This study was designed to examine the implicit theories of intelligence of adult learners with learning disabilities (LD). It explored how the adult learners thought about intelligence and how they experienced intelligence in their lives both in and out of school.
Data for the study were collected by interviewing 15 adult learners with learning disabilities. Each adult learner participated in a series of three interviews, each with its own purpose: a focused life history, an examination of recent experiences related to intelligence in school and out of school, and sense-making of experiences with intelligence and related to having learning disability. The Theories of Intelligence Scale – Self Form for Adults (Dweck, 2009) was also administered during the final interview.
The study found that the adult learners with learning disabilities had multifaceted and contextualized understandings of intelligence. Self-esteem was a particularly powerful factor when it came to the adult learners’ understanding and experience of their own intelligence. While most of the learners demonstrated a fixed mindset, there were indications that their mindsets were transforming, especially as their confidence as learners grew. The adult learners’ implicit theories of intelligence seemed to have been largely shaped by outside messages. The often negative messages they received early in life and the largely positive messages they received in their adult education center were described as being particularly impactful. Finally, having a learning disability appeared to complicate the adult learners’ experiences of their own intelligence. They often feared and experienced the negative stereotypes held by themselves and others about individuals with learning disabilities. On the contrary, many experienced a greater sense of their own intelligence after receiving a diagnosis and understanding what it meant to have a learning disability.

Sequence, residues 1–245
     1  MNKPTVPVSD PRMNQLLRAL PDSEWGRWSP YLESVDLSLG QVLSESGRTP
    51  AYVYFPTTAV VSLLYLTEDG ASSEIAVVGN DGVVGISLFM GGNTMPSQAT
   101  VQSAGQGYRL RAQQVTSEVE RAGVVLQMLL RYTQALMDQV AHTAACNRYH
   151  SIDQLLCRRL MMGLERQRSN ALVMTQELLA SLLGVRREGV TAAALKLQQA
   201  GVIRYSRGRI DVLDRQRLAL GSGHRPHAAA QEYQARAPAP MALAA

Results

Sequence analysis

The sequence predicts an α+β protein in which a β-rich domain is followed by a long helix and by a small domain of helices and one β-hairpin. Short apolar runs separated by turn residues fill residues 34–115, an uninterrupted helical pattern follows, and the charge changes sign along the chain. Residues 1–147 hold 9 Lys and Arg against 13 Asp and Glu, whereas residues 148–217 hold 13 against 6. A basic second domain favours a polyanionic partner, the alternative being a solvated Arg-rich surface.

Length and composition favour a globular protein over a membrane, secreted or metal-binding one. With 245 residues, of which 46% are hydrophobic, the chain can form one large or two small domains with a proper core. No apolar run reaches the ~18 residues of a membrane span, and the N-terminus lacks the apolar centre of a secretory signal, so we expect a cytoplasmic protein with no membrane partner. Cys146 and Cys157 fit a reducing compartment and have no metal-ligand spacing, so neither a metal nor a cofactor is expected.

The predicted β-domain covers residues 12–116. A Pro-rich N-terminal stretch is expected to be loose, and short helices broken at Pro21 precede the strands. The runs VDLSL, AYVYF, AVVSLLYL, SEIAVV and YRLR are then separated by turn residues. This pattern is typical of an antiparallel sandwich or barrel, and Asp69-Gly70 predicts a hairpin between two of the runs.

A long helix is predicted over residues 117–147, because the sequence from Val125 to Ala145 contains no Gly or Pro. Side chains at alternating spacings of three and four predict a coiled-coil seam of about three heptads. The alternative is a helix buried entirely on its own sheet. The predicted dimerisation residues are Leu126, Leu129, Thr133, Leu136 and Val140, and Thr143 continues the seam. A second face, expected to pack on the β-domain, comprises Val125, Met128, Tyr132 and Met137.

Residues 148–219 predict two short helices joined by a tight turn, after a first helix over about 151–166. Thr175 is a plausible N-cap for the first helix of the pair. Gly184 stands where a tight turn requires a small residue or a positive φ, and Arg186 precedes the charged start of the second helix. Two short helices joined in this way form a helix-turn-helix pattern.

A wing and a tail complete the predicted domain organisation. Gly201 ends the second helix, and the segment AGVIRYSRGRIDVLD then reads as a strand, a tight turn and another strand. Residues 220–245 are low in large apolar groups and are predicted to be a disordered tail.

|Commitee:||Robinson, Marian A., Tuckwiller, Elizabeth D.|
|School:||The George Washington University|
|School Location:||United States -- District of Columbia|
|Source:||DAI-A 78/05(E), Dissertation Abstracts International|
|Keywords:||Adult education, Implicit theories of intelligence, Learning disabilities|
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